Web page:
Bolivia’s program relies on close monitoring to ensure individual cultivators do not exceed their cato, or measured plot of land for permitted coca cultivation. Farmers participate in a biometric registry to facilitate identification and monitoring of production, transport, and sales, effectively ensuring crops are only used for licit products—not cocaine or its derivatives.
At 20,400 hectares of coca under cultivation, Bolivia has nearly reached its goal of 20,000 hectares, the amount considered to be sufficient to supply the traditional and expanding legal markets. Yet while Bolivia’s coca policy is worthy of recognition, this report by WOLA/AIN concludes that the country’s outdated drug law remains unjust and continues to rely on disproportionate punishment for low-level, non-violent drug offenses.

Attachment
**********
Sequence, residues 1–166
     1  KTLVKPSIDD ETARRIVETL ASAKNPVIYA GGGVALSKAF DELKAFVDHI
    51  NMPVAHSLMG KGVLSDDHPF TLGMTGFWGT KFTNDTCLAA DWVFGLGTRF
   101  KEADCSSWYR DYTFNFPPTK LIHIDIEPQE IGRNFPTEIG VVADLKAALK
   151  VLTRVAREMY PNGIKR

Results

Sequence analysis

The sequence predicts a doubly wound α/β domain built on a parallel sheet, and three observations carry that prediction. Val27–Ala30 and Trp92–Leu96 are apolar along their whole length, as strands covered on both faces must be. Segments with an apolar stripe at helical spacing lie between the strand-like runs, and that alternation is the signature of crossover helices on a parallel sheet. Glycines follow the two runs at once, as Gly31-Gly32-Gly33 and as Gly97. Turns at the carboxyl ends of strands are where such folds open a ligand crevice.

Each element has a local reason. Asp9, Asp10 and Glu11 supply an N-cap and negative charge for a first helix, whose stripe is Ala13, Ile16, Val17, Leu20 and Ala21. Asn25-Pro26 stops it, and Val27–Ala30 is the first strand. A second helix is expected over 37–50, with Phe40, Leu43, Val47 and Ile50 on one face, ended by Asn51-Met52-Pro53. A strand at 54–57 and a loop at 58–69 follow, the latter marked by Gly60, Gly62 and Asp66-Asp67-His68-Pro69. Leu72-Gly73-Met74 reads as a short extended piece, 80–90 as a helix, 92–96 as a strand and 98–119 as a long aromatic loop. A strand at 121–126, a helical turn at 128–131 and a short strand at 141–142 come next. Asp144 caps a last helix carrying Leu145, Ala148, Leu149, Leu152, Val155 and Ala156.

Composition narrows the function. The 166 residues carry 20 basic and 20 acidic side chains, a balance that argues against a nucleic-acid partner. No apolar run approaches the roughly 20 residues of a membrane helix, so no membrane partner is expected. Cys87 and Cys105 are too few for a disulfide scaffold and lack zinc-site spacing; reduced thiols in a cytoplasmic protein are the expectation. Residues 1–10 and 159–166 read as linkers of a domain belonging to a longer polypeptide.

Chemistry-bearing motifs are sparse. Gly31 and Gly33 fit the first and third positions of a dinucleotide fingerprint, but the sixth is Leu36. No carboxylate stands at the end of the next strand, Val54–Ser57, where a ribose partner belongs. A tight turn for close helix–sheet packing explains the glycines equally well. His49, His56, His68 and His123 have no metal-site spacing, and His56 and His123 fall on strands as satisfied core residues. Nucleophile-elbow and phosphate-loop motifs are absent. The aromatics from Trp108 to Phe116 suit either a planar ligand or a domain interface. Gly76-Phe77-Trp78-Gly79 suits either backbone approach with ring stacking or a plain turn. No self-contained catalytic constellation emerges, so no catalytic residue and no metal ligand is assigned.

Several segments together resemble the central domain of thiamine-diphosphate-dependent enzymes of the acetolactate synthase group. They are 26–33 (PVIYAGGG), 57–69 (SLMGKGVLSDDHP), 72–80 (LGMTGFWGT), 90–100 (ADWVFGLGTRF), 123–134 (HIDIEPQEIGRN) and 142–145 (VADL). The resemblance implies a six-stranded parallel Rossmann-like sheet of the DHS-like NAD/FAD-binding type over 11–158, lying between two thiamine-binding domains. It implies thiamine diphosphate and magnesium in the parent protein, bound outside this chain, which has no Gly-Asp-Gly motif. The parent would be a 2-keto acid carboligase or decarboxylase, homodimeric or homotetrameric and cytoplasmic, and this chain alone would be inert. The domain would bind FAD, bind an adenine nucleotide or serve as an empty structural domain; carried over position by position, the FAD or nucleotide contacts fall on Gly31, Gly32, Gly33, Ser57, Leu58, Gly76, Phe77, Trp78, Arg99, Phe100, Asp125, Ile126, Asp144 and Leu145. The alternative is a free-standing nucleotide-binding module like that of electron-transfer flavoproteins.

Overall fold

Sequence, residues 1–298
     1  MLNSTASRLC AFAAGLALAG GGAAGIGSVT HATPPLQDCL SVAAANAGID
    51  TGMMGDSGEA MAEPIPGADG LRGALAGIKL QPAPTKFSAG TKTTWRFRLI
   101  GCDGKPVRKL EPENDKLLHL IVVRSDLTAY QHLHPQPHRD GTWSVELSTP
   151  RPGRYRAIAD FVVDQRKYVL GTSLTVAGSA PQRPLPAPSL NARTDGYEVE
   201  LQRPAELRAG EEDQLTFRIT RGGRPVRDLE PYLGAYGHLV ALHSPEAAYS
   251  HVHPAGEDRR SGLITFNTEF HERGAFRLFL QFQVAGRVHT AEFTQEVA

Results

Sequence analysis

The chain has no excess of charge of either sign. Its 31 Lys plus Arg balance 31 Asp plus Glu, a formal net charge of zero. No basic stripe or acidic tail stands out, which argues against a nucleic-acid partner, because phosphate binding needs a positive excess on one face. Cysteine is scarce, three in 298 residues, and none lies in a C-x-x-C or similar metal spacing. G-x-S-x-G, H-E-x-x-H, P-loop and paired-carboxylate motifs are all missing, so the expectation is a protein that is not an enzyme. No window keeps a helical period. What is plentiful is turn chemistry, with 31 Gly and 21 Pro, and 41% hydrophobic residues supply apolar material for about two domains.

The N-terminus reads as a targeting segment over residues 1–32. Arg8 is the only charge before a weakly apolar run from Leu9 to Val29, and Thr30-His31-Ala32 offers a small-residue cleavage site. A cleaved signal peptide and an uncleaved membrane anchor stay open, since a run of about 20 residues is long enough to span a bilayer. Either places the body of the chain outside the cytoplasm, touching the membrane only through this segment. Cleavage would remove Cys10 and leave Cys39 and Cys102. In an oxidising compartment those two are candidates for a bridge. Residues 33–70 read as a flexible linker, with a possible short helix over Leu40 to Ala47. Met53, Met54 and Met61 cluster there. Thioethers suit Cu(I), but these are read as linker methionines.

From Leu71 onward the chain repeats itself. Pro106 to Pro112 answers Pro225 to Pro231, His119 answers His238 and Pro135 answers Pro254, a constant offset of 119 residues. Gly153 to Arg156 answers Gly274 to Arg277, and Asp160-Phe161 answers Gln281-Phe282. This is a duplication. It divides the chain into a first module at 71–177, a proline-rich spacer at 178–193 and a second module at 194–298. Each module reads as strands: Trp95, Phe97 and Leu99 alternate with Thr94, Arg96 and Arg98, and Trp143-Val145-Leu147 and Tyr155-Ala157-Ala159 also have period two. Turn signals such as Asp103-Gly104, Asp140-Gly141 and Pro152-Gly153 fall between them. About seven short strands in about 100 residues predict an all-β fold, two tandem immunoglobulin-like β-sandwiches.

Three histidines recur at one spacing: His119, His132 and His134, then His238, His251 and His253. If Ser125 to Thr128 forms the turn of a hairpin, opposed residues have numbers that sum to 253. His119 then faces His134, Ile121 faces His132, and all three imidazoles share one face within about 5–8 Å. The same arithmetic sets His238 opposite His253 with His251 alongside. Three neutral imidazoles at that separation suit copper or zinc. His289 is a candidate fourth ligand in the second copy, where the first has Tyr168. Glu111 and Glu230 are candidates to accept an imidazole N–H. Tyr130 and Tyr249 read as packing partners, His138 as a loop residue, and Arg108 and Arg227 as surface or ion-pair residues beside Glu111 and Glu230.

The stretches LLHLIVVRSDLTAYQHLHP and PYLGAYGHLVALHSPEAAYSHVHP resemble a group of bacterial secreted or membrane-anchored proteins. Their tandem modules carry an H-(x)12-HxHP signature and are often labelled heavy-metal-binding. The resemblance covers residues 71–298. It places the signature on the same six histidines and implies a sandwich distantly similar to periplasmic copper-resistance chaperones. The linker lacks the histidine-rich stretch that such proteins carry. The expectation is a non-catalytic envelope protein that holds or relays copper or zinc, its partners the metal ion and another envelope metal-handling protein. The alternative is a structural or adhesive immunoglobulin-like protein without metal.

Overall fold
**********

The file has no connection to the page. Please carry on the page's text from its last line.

“Sentences for non-violent drug offenses remain disproportionately high—with prison terms rivaling those for homicide,” said Kathryn Ledebur, Executive Director of AIN and the report’s co-author. “Legal reforms currently under review will be essential to ensure that Bolivia’s drug laws are as just as its coca policy. Success will hinge on the implementation of alternatives to incarceration for low-level offenders and the redirection of scarce law enforcement resources to dismantling criminal drug networks.”
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